There are suggestions that Washington may also be seeking to influence the 15 April parliamentary elections in South Korea that are expected to decide the fate of President Roh Moo-hyun, who is mistrusted by the US for his soft line on Pyongyang. Khan's report will be difficult to verify given that Pakistani authorities have refused to allow questioning by the international community. It is also unclear if Khan, who is not a trained nuclear scientist, has the expertise to recognize an actual nuclear weapon as opposed to a mock-up.
The New York Times, 13 & 14 April 2004; The Guardian, 14 April 2004


NIRS & Public Citizen petition NRC.


(April 16, 2004) NIRS and Public Citizen have jointly petitioned the U.S. Nuclear Regulatory Commission (NRC) to participate in the forthcoming licensing procedure for the proposed uranium enrichment plant in New Mexico. The groups are representing their members living near the site of the proposed facility who are concerned with the inconsistencies, misrepresentations and unlawful aspects of the application, including the lack of a strategy to dispose of hazardous and radioactive wastes. NIRS and Public Citizen also cited problems with the application in its treatment of water resources, national security and nuclear proliferation, the need for the facility and the cost of decommissioning the plant once it ceases operating. This is the third attempt by Louisiana Energy Services (LES) at securing a site for its nuclear plant - earlier attempts were withdrawn following intense public opposition.
Joint NIRS, Public Citizen & Southwest Research Information Center News Release, 6 April 2004


French PM pro new nukes.


(April 16, 2004) Prime Minister Jean-Pierre Raffarin confirmed his support for the construction of new nuclear power plants on 5 April. He told parliament that France should build the experimental 1600 MWe European Pressurized Water Reactor (EPR), claiming it was 'our responsibility to ensure the future of the nuclear option' and that he would request a parliamentary debate on the issue 'within the coming weeks'.
WNA News Briefing, 7-13 April 2004


Russian researcher sentenced.


(April 16, 2004) A weapons specialist for the prestigious USA-Canada Institute has been sentenced to 15 years imprisonment for espionage in a closed trial in Moscow. Igor Sutyagin was convicted of supplying an UK firm, allegedly used as a front for the CIA, with information on submarines and missile warning systems. Sutyagin's defense argued that the researcher's work had been based on publicly available sources and that he had had no indication that the company was as intelligence cover. Human rights activists in Russia and around the world have condemned the verdict and there are reports suggesting irregularities during the trial and political motivation for the trial and conviction. The trail judge is said to have given the jury incorrect instruction by asking them to determine whether Sutyagin had passed on information, which he did not deny, rather than whether he had passed on state secrets.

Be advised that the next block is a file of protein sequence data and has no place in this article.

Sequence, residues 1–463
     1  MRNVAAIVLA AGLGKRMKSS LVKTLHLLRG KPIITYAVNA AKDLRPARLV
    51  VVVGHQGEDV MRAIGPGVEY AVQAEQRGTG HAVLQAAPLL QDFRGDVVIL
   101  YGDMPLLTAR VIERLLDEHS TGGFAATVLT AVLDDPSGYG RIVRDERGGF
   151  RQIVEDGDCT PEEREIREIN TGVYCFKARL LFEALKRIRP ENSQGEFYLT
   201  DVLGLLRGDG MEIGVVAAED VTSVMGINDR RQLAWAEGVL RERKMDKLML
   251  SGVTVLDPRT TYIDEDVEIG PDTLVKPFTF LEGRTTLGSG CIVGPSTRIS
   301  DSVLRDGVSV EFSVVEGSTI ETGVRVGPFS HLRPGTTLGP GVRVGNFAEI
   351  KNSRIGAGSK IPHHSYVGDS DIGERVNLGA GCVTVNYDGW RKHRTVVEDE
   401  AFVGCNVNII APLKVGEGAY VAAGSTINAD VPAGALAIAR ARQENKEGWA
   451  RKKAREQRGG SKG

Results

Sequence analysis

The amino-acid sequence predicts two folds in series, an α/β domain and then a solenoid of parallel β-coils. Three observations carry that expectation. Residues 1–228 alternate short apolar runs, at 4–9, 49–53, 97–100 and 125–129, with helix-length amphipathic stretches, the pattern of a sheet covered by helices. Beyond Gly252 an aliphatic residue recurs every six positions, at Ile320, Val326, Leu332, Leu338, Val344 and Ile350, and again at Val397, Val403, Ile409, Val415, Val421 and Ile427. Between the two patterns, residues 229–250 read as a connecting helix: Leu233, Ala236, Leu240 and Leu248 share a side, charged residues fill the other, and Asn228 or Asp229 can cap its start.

AP, 5 April 2004; BBC News 7 April 2004


Fund for sick nuclear worker not paying out.


(April 16, 2004) Four years after the US Congress passed a law to aid sick nuclear plant workers, the compensation fund has only managed to process the claim of one worker who was sent a check for US$ 15,000 despite the government earmarking US$74 million for the program. The Energy Department, responsible for the program, claimed during a hearing before the Senate Energy Committee that it would require more time and money to do a better job. Approximately 22,000 eligible workers filed for assistance yet only 372 have received feedback on their applications. Robert Card, the department's undersecretary said the agency needed an another US$ 33 million, in addition to the US$ 26 million already spent on the program this year to speed up the programs pace. Card and his assistant Beverly Cook have since resigned from their posts. Some lawmakers have recommended moving the program to the Labor Department, which already runs a program for compensating workers affected by radiation exposure.
Seattle Post-Intelligencer, 30 March & 2 April 2004


UK government advisers consider waste disposal options.


(April 16, 2004) Last year the Blair government appointed a committee on radioactive waste management to re-examine all possibilities to find an acceptable solution to the nuclear waste problem. The 14 options considered range from firing nuclear waste into the sun, placing it in Antarctic ice sheets so it sinks by its own heat to the bedrock, putting it under the Earth's crust so it is sucked to the molten core and burying under the seabed. The government estimates that its stockpile of high-level nuclear waste will soon reach 500,000 tons. The committee of Homer Simpson wannabes is apparently still considering all 14 options and has requested an extension of its deadline from end 2005 to mid 2006. We look forward to reading its final report.
The Guardian, 14 April 2004


Nuclear industry looks to Asia for survival.


(April 16, 2004) 18 of the 31 nuclear power units currently under construction worldwide are located in Asia making the continent a haven for predatory European, North American and Russian suppliers. Following accidents at Three Mile Island and Chernobyl, the number of new nuclear projects under development in the West was drastically reduced leaving the industry in peril. Now, the vultures are circling around Asia seeking new ground on an energy-poor continent. China is expected to build four 1,000 MW plants at a cost of US$ 6 billion as part of its drive to quadruple its nuclear capacity by 2020. The export of such sensitive technologies is prohibited in most nuclear supply countries but given the lack of business elsewhere, governments are re-evaluating their policies in order to secure lucrative contracts for their supplies. Even the U.S. is expected to ease its controls on China at this year and Germany is already considering selling China its Hanau plant.
AP, 10 April 2004; Reuters, 13 April 2004